Kwasi Kwarteng is MP for Spelthorne.

This is an abridged version of an essay first published in The Blue Book of the Voluntary Sector: Civil Society and the Conservative Party after the 2015 Election, published by ACEVO and CAF, edited by Asheem Singh and George Bangham. The full collection is available here.


The term civil society can be traced to the Latin term societas civilis, which itself is a translation of the Greek term koinonìa politikè. This phrase then forms the title of Aristotle’s great work of political philosophy, usually known in English as The Politics. Civil society relates to the activities of human beings in communities and implies cooperation and a commitment to the common good. It has traditionally been treated as a distinct social space, separate from the state, the family and the market, and covers the wide range of activities that people participate in at a local level: charities, community groups, sports clubs, women’s organizations, faith-based organisations, professional associations, trade unions, self-help groups, social movements, business associations and advocacy groups.

In a British context, the idea of civil society is often associated with initiatives that emerged in the Nineteenth Century when groups of people – businessmen, church leaders, local squires and others – came together to promote enterprises to benefit their local communities. During this period, millions of ordinary people also joined forces without the assistance of the state to form voluntary organizations, to raise their standards of living by saving, investing, buying and selling together. The Nineteenth Century witnessed the proliferation of mutual benefit societies, which included burial clubs, co-operative societies and friendly societies.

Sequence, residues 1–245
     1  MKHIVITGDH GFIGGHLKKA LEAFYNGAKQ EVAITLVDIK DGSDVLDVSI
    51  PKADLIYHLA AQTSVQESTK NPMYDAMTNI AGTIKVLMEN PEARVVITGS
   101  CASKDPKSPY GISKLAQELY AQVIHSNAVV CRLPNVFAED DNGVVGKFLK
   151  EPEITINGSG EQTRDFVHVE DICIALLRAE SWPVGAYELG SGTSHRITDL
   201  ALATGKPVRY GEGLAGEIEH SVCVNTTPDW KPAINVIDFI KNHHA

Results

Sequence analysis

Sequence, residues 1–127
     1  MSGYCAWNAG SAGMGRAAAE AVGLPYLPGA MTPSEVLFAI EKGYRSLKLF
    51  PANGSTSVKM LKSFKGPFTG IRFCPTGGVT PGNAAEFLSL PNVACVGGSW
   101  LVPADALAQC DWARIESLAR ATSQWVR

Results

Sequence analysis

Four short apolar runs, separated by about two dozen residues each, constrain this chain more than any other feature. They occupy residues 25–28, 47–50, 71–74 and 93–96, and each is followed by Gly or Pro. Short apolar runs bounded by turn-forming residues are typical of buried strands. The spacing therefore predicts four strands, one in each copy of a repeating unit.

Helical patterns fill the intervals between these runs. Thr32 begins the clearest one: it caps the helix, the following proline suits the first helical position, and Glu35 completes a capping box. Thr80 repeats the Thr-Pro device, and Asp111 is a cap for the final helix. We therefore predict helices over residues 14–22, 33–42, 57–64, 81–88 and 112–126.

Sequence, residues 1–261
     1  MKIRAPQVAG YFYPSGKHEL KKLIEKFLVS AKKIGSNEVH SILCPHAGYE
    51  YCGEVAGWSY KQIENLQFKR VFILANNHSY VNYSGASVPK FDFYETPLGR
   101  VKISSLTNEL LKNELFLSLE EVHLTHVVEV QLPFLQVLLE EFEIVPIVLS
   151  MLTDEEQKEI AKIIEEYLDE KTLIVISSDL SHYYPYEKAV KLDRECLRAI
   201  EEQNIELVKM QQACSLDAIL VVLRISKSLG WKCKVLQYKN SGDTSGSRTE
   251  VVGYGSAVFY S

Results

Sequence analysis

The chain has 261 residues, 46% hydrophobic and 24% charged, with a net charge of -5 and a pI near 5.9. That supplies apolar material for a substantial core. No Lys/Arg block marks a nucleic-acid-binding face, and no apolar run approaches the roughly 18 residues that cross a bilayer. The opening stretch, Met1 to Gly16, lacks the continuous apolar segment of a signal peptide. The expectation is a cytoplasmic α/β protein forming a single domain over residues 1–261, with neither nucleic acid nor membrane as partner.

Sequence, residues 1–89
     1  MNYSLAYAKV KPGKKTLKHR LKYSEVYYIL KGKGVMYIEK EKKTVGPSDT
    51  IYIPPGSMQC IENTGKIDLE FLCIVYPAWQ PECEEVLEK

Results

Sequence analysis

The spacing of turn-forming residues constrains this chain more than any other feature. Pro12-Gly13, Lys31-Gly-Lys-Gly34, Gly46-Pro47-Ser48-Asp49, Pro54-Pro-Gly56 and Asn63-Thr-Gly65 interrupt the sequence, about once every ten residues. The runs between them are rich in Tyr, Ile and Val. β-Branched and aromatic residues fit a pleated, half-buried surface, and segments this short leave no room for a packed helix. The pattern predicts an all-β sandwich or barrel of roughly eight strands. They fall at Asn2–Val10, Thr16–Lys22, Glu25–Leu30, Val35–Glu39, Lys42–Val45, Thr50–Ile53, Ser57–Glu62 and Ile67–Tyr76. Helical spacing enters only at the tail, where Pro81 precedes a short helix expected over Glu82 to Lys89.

A crucial element of Nineteenth Century civil society was the extent to which it did not rely on central government funding. It flourished independently of state intervention at a local community level. A modern Conservative vision of civil society in Britain today takes a degree of inspiration from this model.

The last Labour government promoted a largely artificial form of civil society, highly dependent on large subventions from central government. This was unsustainable, especially when it is remembered – and it is not easy to forget – that the annual budget deficit stood at £160 billion, or more than 11 per cent of Britain’s GDP, when the Coalition was formed in 2010. Over the last four years, the Conservatives have attempted to foster civil society with a shrinking amount of money. This has been a big challenge and has forced us to think more widely about the nature of civil society and how to support it most effectively.

My constituency, Spelthorne, is a compact urban area with a population of approximately 90,000 people, covering some 20 square miles. The constituency was created by the 1918 Reform Act and was originally a County of Middlesex seat. During local government reorganisation that took place in 1965, it became one of Surrey’s eleven parliamentary constituencies. Today, it is a major residential, business and retail centre. It is home to a number of large international companies including BP, Shepperton Studios, Wood Group Kenny and Siemens. Business really is at the heart of life in Spelthorne. At the same time, though, there is a thriving voluntary, community and faith sector in the constituency.